Case Studies & Research



Openload is a notorious pirate service – listed on the European Commission’s piracy and counterfeiting watch list. An investigation revealed that Openload operated within the European Union using infrastructure and hosting services provided by EU companies.

A court ordered the European hosting company to identify customer details for Openload, but it turned out that the listed customer was a defunct shell entity. The hosting provider admitted the customer data they hold is “purely declarative” and that it had no way of tracing or authenticating the identity of Openload. This is despite the hosting company having received more than €19 Million in fees paid through a PayPal account linked to a Costa Rican advertising agency and various untraceable credit cards.

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Domains of Danger: How Website Speculators and Registrars Trade Internet Safety for Profit


Following reports of increasing fraud related to the COVID-19 pandemic, the Digital Citizens Alliance conducted a three-month investigation that found that “little to no effort” is made to police domains whose sole purpose would be to scam, endanger those most vulnerable, or entice those seeking dangerous drugs. During this investigation, the DCA found it easy to register domains such as “” and was even encouraged to bid on domains such as “”.

The report outlines how the domain name industry frequently puts profits over consumer safety and describes an industry that bases its dealings on what it can, rather than what it should do to foster a healthy internet. Furthermore, the report shines a light on the lack of due diligence conducted by a number of these companies with respect to their commercial customers – and how that indifference could have real world consequences for consumers.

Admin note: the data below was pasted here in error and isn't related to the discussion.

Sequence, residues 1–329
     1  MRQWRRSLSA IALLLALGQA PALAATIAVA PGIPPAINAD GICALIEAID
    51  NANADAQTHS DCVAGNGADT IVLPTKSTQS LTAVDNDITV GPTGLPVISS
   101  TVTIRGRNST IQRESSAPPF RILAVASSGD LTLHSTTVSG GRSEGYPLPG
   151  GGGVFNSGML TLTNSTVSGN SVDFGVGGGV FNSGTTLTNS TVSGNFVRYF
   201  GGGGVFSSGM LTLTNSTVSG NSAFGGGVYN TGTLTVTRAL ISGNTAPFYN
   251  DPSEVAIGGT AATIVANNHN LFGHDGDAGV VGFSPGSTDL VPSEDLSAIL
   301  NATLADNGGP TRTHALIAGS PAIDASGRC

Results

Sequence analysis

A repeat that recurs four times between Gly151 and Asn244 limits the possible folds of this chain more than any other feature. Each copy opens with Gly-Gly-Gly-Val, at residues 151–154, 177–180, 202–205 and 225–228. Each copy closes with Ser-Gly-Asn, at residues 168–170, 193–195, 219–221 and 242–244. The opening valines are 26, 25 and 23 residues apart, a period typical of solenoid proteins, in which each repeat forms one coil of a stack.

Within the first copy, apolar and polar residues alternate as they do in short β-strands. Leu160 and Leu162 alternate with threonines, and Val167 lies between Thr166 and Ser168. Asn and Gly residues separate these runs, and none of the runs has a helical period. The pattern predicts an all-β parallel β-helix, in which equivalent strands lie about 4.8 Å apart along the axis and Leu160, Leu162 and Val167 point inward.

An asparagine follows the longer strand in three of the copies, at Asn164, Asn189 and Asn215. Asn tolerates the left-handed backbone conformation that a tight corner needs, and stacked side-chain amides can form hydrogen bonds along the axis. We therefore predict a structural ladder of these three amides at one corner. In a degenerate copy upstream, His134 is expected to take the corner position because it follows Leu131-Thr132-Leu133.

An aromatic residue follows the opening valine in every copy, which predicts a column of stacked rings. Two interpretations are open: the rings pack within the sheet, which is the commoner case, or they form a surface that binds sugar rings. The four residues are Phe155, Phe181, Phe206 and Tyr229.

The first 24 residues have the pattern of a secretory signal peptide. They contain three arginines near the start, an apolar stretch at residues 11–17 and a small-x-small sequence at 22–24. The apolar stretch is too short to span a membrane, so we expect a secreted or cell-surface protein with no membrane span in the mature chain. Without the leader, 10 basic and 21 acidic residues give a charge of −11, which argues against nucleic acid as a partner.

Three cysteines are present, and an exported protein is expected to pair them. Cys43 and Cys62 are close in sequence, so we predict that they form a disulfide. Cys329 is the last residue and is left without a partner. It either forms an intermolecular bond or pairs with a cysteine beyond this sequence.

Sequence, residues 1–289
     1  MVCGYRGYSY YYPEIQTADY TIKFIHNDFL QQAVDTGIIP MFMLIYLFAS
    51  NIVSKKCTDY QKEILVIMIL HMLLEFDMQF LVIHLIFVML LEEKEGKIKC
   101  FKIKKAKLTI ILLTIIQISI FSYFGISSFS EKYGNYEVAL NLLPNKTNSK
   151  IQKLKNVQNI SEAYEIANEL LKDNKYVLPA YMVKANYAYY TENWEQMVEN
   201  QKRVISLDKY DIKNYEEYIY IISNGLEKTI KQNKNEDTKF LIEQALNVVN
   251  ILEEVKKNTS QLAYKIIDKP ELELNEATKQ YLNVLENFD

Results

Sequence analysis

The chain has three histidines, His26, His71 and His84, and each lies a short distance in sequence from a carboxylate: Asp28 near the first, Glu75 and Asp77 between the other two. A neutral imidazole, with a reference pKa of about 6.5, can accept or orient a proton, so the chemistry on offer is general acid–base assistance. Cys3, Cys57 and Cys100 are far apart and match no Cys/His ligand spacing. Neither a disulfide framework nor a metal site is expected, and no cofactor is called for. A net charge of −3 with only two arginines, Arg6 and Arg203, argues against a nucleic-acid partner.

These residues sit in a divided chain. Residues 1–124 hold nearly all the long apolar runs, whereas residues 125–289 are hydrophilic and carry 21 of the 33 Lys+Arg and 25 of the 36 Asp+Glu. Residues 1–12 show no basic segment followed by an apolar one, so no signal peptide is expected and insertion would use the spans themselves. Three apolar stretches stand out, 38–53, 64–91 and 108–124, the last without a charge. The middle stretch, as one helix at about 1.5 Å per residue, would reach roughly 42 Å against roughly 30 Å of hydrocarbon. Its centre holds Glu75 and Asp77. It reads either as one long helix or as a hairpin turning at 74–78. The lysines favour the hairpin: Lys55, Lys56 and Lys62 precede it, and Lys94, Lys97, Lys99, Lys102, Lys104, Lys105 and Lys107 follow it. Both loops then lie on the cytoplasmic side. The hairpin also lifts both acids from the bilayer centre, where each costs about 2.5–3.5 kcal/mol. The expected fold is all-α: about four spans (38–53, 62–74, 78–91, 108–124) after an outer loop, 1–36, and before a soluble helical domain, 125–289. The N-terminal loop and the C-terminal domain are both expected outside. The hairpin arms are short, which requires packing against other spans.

Read more here.



Moonwalk was considered one of the largest content sources for a significant number of infringing streaming sites. The Moonwalk network particularly focused on serving the majority of the largest Russian piracy sites, attracting millions of end-users. ACE, together with BREIN, conducted an investigation that revealed the technical infrastructure, based in the Netherlands. BREIN and ACE obtained an injunction against the Dutch hosts which resulted in taking down the Moonwalk service. In order to effectively take action against the operators, BREIN also obtained a court order allowing BREIN to seize the necessary information to identify the responsible people behind Moonwalk in the administration of the three Dutch hosting providers. Subsequently, the hosts voluntarily provided identifying information which proved either false or not traceable. For example, the data led to people in Russia and Ukraine who clearly lacked the technical skills for such an operation.

The court case regarding the received information continues in the Netherlands: effective piracy operations are undermined by the fact that some hosting providers currently do not verify their customer data and/or do not require that their (mostly foreign-based) resellers keep verified data. It is important that hosting providers adapt their business practices, general terms and conditions and administration in such a way, to ensure that customer information is verified, authenticated and available at all times.

For more information read here.